Outside of mailing the notice, Home Improvement again texted it, along with a letter from counsel, to Villar’s wife. Months later, Home Improvement filed a complaint against Villar to recover the balance. A process server tried to serve Villar five times unsuccessfully at the property. Home Improvement filed a verified motion requesting permission to proceed against the property in rem, while requesting to serve by mail and publication.
The district court authorized service by publication and mail and provided the service by mail would be completed upon mailing “together with such return receipt attached thereto signed by such addressee.” As for publication, the order would be complete on the last day of publication.
Home Improvement sent a copy of the process through certified mail, with a return receipt requested, to the property. The mail was returned undeliverable. Home Improvement also published the process in a newspaper where the action was pending. It also had the process server attach a copy of the complaint and other process to the front door of the house.
Since Villar never appeared in the case, Home Improvement moved for entry of a default judgment on the mechanic’s lien, which included attorney fees and costs, along with a decree of foreclosure. The district court entered both the default judgment and decree of foreclosure.
The sheriff mailed the notice of the foreclosure to the property, but it was returned. The foreclosure sale was also published in the county newspaper. A sheriff auctioned off the property, and it was bought by the Pauline W. O’Neil Intervivos Trust.
Villar’s wife was served with a notice to quit at the property, and Villar retained counsel, moving to set aside the default judgment and foreclosure sale pursuant to C.R.C.P. 60(b)(3) and 60(b)(5). After concluding Villar’s last known address was at the property, the district court rejected much of Villar’s attack on the judgment. The only exception was the district court agreed with Villar on the point of attorney fees because he didn’t separately sign the portion of the contract acknowledging terms and conditions. Thus he hadn’t agreed to the attorney fee provision. The district court concluded Home Improvement wasn’t entitled to attorney fees and revised that part of the default judgment under C.R.C.P. 60(b)(5), but it was otherwise left intact.
The district court also consolidated a separate forcible entry and detainer action the trust brought against Villar with the mechanic’s lien case. After the possession hearing, the district court entered an order granting possession to the trust, dismissing Villar’s counterclaims.
Villar appealed the district court’s order denying, in part, his motion under C.R.C.P. 60(b) to set aside the in rem default judgment and foreclosure sale of his residence and granting possession to the trust. The appeals court was required to define the address and last known address for purposes of service by mail or publication.
The division held Home Improvement failed to use Villar’s last known address when trying to obtain service. The order denying the motion to set aside the default judgment and order of possession was reversed and the case was remanded for further proceedings.
The appeals court unanimously affirmed a judgment in a case connected to greenhouse gas emissions and state law.
Colorado Gov. Jared Polis signed House Bill 19-1261 and Senate Bill 19-096 into law in 2019 with the goal of reducing greenhouse gas emissions statewide to help fight climate change. The case required the appeals court to interpret how these bills impact one another.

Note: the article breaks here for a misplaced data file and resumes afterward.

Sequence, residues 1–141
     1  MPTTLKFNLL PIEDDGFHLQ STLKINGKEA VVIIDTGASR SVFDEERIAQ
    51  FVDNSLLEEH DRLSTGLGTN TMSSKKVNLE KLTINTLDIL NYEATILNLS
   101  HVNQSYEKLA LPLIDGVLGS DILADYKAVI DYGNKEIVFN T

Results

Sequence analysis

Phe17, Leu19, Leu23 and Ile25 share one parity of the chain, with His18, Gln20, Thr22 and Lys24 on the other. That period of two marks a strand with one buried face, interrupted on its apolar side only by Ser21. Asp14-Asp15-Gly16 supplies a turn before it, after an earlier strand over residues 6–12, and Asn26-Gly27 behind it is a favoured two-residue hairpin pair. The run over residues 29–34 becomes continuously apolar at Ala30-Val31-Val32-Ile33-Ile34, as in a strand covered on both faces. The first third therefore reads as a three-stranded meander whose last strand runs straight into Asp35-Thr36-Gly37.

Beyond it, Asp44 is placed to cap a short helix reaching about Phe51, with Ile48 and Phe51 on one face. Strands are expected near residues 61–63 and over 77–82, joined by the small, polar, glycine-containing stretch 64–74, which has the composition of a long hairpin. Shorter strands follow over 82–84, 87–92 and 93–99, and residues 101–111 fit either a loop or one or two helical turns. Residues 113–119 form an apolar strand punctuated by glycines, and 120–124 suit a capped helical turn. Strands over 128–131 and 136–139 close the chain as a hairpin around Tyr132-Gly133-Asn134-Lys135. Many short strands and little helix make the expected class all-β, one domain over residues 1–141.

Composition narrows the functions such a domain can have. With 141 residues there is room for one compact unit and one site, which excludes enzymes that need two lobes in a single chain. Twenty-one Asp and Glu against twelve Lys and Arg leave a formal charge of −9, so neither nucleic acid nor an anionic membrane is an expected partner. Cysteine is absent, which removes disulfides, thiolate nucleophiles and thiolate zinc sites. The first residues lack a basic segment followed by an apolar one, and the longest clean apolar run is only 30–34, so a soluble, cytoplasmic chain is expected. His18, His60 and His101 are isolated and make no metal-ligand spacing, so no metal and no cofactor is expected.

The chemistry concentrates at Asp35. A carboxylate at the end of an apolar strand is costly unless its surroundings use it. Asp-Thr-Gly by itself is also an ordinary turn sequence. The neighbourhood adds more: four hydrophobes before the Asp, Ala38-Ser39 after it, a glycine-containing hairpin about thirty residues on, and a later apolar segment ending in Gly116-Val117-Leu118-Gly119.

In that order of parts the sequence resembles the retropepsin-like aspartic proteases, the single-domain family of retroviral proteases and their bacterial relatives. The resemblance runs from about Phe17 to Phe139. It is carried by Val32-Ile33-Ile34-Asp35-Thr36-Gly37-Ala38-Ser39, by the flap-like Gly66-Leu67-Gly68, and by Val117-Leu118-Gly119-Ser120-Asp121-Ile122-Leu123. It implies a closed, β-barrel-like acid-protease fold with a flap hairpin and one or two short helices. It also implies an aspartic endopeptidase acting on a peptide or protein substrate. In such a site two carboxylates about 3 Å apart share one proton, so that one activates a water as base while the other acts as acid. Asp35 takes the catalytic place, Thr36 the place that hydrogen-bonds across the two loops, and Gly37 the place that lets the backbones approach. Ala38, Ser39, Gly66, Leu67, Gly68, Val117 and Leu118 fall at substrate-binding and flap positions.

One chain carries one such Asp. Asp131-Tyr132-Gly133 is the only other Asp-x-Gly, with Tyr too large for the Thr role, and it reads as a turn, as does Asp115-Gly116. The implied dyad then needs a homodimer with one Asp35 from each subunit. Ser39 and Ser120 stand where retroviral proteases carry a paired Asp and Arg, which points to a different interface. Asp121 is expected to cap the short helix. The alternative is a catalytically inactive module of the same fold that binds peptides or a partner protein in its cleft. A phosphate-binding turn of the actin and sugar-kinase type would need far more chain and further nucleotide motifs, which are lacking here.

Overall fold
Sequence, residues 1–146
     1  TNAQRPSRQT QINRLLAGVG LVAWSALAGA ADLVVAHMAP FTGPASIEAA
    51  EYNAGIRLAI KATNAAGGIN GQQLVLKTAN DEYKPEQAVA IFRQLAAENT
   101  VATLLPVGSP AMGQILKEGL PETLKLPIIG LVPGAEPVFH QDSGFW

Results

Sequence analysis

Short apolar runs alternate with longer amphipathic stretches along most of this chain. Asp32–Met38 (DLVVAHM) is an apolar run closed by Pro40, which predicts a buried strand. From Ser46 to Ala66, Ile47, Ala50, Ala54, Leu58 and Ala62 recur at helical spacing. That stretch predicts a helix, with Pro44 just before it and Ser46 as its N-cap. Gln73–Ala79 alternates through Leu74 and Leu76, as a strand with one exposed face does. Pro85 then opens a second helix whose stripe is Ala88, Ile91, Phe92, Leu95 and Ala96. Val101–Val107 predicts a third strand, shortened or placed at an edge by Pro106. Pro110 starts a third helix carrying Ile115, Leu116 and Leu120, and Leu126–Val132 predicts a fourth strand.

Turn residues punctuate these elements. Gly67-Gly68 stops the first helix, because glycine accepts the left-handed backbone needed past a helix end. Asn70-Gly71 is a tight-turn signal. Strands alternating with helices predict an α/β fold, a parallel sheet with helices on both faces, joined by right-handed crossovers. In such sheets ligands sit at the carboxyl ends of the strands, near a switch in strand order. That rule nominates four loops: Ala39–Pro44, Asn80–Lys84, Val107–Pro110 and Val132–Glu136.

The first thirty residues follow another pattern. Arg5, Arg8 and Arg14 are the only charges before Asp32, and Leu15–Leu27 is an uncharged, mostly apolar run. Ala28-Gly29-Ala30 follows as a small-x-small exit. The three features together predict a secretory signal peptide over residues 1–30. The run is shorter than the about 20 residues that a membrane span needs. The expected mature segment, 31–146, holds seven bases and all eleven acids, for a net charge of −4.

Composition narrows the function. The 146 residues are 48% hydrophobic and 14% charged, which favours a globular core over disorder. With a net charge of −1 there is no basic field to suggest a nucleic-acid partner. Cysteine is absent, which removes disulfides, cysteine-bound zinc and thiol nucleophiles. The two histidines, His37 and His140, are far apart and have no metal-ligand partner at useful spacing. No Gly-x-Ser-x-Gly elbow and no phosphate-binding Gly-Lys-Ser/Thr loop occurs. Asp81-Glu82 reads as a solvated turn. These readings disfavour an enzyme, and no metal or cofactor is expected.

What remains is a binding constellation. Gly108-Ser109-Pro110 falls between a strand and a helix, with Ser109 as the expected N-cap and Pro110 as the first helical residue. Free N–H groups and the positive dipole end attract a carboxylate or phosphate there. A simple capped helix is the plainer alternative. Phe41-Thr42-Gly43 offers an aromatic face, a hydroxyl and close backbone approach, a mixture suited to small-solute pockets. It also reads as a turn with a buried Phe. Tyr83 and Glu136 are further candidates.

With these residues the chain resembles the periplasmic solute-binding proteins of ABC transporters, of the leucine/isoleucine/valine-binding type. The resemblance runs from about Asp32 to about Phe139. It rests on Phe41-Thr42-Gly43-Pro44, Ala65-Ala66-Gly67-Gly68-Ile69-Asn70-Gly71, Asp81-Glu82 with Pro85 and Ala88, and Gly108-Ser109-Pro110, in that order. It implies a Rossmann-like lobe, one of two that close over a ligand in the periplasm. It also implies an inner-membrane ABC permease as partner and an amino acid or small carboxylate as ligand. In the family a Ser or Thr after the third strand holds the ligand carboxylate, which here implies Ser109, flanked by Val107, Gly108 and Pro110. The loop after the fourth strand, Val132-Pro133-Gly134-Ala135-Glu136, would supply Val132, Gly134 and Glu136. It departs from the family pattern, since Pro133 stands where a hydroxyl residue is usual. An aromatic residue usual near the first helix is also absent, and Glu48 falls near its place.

H.B. 1261 concerns the reduction of greenhouse gas pollution by creating goals while making appropriations. Relevant in this case are sections 25-7-102 and -105. Section 25-7-105 lays out the Colorado Air Quality Control Commission’s duties arising from 25-7-102. The commission’s main responsibility is to promulgate rules and regulations for the goals.
Under S.B. 96, its goal concerns collecting data on emissions so the state can reach its emission reduction goals. The statute also directs the Colorado Air Pollution Control Division to have regular updates for statewide inventories on emissions by sector and to make the data public.
The bill also provides in 25-7-140(2)(a)(III) that by July 1, 2020, the commission needs to publish a notice of proposed rulemaking that brings forward rules to implement measures that would be cost-effective to meet the state’s emission reduction goals.
On July 7, 2020, WildEarth Guardians sued the governor and agency defendants, asking for declaratory and injunctive relief for the agency defendants’ purported failure to abide by the July 1, 2020 deadline. The Environmental Defense Fund’s identical lawsuit against the agency defendants was consolidated with WildEarth Guardians, and the Public Service Company of Colorado intervened.
The defendants conceded by stipulation they hadn’t proposed rules or promulgated regulations since the passage of H.B. 1261 and S.B. 96 that would, if complied with, be enough to meet the goals of emission reduction.
The district court ruled in favor of the agency defendants, concluding 25-7-140(2)(a)(III) is ambiguous and the July 1, 2020 rulemaking requirement concerns data collection and inventory regulations and not as the plaintiffs contended, comprehensive rules to meet emission reduction goals. The court further argued the agency defendants had promulgated rules that take steps to ensure more robust data collection and inventory, finding they had satisfied section 25-7-140(2)(a)(III)’s deadline.
The Environmental Defense Fund and WildEarth Guardians appealed. The appeals court affirmed, holding that 25-7-140(2)(a)(III) language is ambiguous and only requires the agencies to propose regulations by July 1, 2020, that pertain to collecting and maintaining emission data and corresponding statewide inventories. Since the agencies have done so, they have satisfied the rulemaking requirement.